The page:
May 31 marked the launch of Prophets of Rage
, a new rap-rock group that combines members of legendary musical acts Rage Against the Machine
, Cypress Hill
and Public Enemy
. But don’t call them a super group – by the band’s own definition they are “an elite task force of revolutionary musicians determined to confront this mountain of election year bullshit, and confront it head-on with Marshall stacks blazing.” Like most other fans, I’d been anticipating their debut since I first heard the rumors of them forming; and thanks to the BREAL.tv family
, I was able to experience the elite task force first-hand. After attending not only their inaugural performance at The Whiskey, but their show at The Palladium a few days later as well, I can say with all honesty that Prophets of Rage delivered everything I had hoped for and more.
Prophets of Rage is comprised of Rage Against the Machine musicians Tom Morello, Tim Commerford and Brad Wilk, B-Real of Cypress Hill and Public Enemy’s Chuck D and DJ Lord. Of the three, Rage Against the Machine is the only group that has been inactive in recent years; with uncertainty surrounding a full resurrection of the band since their initial break up and their last performance being as far back as 2011, I had despaired of ever seeing them live. Although the new assembly isn’t exactly the same in the absence of lead singer Zack de la Rocha (who many directly associate with Rage), I had early decided that I would take what I could get. And while I may not have a basis for comparison, I felt that Chuck D and B-Real really did the former front man justice. If nothing else, I suppose the politically charged shit-storm of an atmosphere that we’re currently living in produced at least one positive outcome: the formation of Prophets of Rage.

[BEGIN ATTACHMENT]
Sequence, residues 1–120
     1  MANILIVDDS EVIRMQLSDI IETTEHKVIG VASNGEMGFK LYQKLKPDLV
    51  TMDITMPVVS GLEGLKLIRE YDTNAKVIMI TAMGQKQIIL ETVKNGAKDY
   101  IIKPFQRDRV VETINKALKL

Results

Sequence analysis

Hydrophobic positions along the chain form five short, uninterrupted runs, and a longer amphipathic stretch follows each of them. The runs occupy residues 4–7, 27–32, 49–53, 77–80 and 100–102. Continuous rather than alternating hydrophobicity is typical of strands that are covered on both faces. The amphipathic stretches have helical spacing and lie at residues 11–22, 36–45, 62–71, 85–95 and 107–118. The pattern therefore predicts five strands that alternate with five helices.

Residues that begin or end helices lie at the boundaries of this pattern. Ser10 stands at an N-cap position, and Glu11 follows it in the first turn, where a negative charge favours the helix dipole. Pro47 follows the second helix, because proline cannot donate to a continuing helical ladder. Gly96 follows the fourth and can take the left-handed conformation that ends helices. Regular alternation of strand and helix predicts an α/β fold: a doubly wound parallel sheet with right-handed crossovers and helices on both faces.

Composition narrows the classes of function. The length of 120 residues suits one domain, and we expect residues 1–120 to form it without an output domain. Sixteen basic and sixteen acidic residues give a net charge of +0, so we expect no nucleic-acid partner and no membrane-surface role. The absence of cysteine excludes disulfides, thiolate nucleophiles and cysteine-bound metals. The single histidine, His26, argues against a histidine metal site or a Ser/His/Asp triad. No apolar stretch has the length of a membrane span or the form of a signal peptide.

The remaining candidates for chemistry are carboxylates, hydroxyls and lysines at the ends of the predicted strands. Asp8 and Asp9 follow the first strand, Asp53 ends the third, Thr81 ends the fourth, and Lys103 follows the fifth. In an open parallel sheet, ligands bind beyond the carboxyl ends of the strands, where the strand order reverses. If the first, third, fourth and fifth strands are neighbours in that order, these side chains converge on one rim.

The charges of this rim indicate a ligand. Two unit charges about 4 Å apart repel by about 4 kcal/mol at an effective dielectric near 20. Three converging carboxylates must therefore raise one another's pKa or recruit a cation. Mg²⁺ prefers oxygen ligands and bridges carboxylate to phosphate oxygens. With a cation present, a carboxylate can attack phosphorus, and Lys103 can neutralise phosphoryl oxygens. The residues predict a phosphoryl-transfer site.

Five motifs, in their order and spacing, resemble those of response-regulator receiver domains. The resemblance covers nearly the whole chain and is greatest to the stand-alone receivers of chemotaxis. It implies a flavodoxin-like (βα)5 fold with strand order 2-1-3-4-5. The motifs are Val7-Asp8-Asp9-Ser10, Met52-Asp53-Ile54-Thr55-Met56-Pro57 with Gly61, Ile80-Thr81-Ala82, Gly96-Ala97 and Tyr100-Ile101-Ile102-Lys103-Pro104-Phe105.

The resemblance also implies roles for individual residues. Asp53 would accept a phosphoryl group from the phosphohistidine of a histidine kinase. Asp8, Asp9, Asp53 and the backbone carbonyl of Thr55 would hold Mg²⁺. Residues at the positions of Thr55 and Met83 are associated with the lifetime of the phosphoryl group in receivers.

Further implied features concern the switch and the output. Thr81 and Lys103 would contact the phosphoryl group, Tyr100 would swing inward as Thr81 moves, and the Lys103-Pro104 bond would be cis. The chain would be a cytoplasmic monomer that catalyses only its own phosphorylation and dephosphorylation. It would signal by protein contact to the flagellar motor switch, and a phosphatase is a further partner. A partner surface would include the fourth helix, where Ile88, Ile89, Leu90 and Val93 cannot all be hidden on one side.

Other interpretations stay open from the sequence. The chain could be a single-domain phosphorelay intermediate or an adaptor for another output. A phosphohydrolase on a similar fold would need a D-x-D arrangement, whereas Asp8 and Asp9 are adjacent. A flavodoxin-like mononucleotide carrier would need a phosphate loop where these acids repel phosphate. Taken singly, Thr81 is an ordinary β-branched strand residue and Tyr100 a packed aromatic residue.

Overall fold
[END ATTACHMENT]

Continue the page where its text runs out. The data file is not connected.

Courtesy of @Fotogasm